But I was lucky enough to get a recommendation for Kilmeny of the Orchard. This was endlessly charming in the way that makes you swoon when you're 15, and remember swooning when you're 35. Eric--a handsome, brilliant young man from a well-to-do family with a bright future ahead of him--receives word just after graduating from University that a good friend has fallen ill and needs someone to replace him at his rural teaching post on Prince Edward Island. His father agrees to give him a few months off before he joins the family business and he heads off for a quaint and charming little village.
There, in his evening rambles, he stumbles on a twilit orchard and a beautiful, mysterious girl playing the violin. She is Kilmeny, whose family has kept her hidden away from the village all her life. She is mute (though she can hear) and sweet, and lovely. They court, things stand between them--will they be together in the end?
I loved this book, and was charmed by the incredibly sincere, incredibly lovely, incredibly sweet descriptions of sunsets over the pine woods and gloaming rambles through shadowed orchards. Just L.M. Montgomery to its core, and so wonderful.
My only complaint? Well, when you look at some of these classic books with a modern eye, you find some tropes that might make you squirm a bit. Kilmeny of the Orchard would have me believe that you can't trust an Italian, even if he was adopted at birth and raised by folks of good Scotch stock. No, in fact, maybe they treated him too well, above his station (as an adopted kid? Ugh!). Also, people who have only ever met the four members of their immediate family are innately good, due to their purity and not being sullied by the outside world--which, as we all know, is the source of not only evil, but general crankiness.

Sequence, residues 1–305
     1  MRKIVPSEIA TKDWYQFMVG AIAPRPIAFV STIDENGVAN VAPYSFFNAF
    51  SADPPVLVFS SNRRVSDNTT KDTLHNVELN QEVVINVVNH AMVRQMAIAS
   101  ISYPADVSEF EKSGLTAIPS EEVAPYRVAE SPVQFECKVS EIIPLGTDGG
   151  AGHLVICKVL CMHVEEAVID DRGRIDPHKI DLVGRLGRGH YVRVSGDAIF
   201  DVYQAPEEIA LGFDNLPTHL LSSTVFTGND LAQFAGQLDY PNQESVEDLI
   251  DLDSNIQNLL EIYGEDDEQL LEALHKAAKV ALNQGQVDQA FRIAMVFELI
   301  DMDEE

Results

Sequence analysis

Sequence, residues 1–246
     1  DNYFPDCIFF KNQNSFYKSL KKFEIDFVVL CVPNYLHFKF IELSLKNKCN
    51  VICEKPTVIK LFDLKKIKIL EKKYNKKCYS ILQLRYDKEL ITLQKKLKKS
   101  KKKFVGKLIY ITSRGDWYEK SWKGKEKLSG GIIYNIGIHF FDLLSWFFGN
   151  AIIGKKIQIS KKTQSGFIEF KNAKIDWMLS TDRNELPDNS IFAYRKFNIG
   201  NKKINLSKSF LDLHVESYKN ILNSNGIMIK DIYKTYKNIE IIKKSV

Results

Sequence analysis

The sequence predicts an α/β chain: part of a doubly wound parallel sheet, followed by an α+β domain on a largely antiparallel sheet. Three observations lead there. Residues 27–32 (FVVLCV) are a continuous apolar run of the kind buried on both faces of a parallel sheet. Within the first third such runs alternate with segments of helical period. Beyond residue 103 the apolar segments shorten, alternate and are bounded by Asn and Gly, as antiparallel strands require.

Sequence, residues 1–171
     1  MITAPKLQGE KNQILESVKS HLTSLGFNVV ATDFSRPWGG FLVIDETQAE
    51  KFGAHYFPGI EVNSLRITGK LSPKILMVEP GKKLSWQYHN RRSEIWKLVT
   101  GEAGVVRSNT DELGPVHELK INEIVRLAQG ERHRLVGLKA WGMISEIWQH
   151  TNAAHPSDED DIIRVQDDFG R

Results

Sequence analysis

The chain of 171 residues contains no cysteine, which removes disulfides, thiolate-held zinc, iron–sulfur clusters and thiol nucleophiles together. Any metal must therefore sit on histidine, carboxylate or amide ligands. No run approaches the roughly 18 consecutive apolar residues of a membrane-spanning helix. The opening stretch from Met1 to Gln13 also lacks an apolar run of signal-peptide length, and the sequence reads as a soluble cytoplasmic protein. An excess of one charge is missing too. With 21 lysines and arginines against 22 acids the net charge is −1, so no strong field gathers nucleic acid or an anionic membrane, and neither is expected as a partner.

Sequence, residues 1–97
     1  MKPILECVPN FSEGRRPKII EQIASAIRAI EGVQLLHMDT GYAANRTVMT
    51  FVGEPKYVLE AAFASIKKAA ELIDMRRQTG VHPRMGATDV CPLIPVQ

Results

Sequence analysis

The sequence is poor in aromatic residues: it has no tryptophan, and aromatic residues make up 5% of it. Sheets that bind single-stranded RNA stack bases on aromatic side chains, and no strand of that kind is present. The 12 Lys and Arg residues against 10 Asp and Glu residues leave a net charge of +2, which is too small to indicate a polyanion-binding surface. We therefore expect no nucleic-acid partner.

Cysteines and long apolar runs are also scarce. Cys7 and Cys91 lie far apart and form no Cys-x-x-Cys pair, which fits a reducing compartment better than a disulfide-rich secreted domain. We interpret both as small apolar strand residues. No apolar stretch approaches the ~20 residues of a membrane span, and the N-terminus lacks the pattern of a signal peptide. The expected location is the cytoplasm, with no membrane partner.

Oh, and if you're beautiful, then anyone will know on meeting you how good and pure you are. His skeptical businessman father, who isn't sure if you're good enough for the busy, pillar-of-the-community life that you'll be living, changes his mind when he sees your Bambi eyes.
See, there's stuff wrong with the book. I know that. But I can't help but love it.
Does anyone else have a favorite L.M. Montgomery book that's in the public domain? I'll also accept Louisa May Alcott recommendations--those are all in the public domain, but there are so many I don't know where to start. Some are saccharine (Jo's Boys, or so I've heard), some are delightfully melodramatic (A Long, Fatal Love Chase, whose title says it all), and some are just brilliant (Behind a Mask, one of my favorite books ever). All melodrama, all the time--I'll take any recommendations the world might have to offer!